Jets historically bad 2023 offense may actually save cap space in 2024

The Jets' terrible offense might actually save them money

Tyron Smith
Tyron Smith / Perry Knotts/GettyImages

The NY Jets had one of the worst offenses in modern NFL history last season. The combination of abysmal quarterback play, a disgustingly injured offensive line, a bad receiving corps, and a terrible offensive coaching staff paved the way for historical ineptitude on offense.

The Jets finished with a bottom-10 third-down offense in NFL history, ranked among the lowest offenses EPAs in the 21st century, and averaged a ridiculously low 268.6 yards per game.

By all metrics, the Jets had one of the worst offenses we've seen in the modern NFL last season. However, the Jets' offensive ineptitude in 2023 could actually save the team 2024 cap space.

How? It all relates to the incentive-laden contract the Jets just handed Tyron Smith in free agency. Smith's deal carries only $6.5 million in guarantees, but with incentives that could climb as high as $20 million.

Here's how the Jets' offense comes into play.

How the NY Jets could save 2024 cap space because of their inept 2023 offense

There are two types of incentives on an NFL contract: Likely To Be Earned (LTBE) and Not Likely To Be Earned Incentives (NLTBE). LTBE incentives count against the 2024 cap in most cases, while NLTBE incentives do not.

An incentive is declared LTBE if it was accomplished the previous season. So in Smith's case, if the Jets included an incentive for him to play 10 or more games, it would be considered LTBE since he appeared in 13 games last season.

The Jets would obviously prefer to include as many NLTBE incentives in Smith's contract as possible to push money into the future (NLTBE incentives count against the following year's cap if they are reached).

But from Smith's perspective, he understandably wants incentives that are easy to reach. So, what's the middle ground? How can the Jets include NLTBE incentives that, contrary to their name, are actually likely to be reached?

Instead of tying Smith's incentives to player performance, Pro Football Focus' Brad Spielberger has a brilliant idea — and it's one the Jets likely thought of as well.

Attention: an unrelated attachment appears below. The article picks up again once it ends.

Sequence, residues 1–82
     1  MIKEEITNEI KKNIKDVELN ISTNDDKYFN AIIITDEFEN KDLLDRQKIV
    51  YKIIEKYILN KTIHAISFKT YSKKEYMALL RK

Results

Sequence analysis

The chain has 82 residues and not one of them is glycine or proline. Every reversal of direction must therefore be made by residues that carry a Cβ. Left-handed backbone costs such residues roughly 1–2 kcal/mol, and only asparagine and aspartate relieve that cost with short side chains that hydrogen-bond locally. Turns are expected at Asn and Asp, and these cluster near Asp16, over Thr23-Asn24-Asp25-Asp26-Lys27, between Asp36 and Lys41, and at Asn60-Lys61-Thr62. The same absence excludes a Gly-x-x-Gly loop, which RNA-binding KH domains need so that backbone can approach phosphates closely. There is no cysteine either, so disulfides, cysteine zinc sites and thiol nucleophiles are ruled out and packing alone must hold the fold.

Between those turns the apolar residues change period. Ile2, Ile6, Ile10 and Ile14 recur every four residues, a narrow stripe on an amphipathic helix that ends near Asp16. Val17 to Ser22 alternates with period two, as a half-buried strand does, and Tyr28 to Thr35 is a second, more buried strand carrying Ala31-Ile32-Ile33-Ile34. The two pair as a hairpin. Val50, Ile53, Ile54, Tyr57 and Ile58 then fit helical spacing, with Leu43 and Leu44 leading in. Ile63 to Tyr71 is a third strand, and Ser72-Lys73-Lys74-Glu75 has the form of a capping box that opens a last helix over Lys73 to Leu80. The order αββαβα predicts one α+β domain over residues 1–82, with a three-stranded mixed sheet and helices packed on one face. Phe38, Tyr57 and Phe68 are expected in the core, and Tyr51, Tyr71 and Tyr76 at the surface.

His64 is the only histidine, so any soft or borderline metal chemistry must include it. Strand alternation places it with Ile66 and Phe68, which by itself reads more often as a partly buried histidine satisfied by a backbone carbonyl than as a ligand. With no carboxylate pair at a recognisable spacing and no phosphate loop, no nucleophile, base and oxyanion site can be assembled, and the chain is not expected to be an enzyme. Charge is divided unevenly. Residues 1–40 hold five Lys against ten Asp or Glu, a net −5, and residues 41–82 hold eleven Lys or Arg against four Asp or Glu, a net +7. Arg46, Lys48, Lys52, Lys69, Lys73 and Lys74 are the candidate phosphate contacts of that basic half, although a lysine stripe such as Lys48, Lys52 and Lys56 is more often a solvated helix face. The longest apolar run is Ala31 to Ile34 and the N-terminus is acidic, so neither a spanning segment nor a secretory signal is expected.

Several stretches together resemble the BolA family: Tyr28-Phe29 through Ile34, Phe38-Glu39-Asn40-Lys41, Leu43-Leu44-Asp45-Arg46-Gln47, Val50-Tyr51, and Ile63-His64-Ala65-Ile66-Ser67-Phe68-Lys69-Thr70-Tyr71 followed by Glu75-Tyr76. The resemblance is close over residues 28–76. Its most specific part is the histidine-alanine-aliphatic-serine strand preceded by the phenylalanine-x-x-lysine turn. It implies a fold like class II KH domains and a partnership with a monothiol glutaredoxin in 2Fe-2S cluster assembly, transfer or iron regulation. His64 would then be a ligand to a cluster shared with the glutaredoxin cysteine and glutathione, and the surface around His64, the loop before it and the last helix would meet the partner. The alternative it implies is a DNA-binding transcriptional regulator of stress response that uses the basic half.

As Spielberger notes, the Jets could tie Smith's incentives to team performance instead of player performance. Since the Jets' offense was so abysmal last season, that should, in theory, make those incentives each to hit in 2024.

For example, the Jets could include an incentive where Smith receives a certain amount of money if the Jets' offense ranks top-30 in yards per game. Since the Jets ranked 31st in YPG last season, that would be considered an NLTBE incentive, meaning it wouldn't count against their 2024 cap.

This is the best of both worlds. The Jets get to save 2024 cap space, while Smith receives an incentive he's almost guaranteed to hit — and it's all possible because of how bad the Jets' offense was last season.

If the Jets' offense was mediocre last season, those incentives would be harder for Smith to reach, making the contract less valuable to him. Nathaniel Hackett knew what he was doing all along. He wasn't leading a bad offense because he was bad at his job — he was just trying to save the Jets' cap space.

Of course, the full details of Smith's contract have not been released at the time of writing, so we don't know for sure if this is the route the Jets took. But as Spielberger notes, it would certainly be wise for the team to have explored this option.

The NFL salary cap has dozens of weird quirks, and this one, in particular, might reward the Jets for their offensive ineptitude. Thank you Nathaniel Hackett and Zach Wilson, I guess?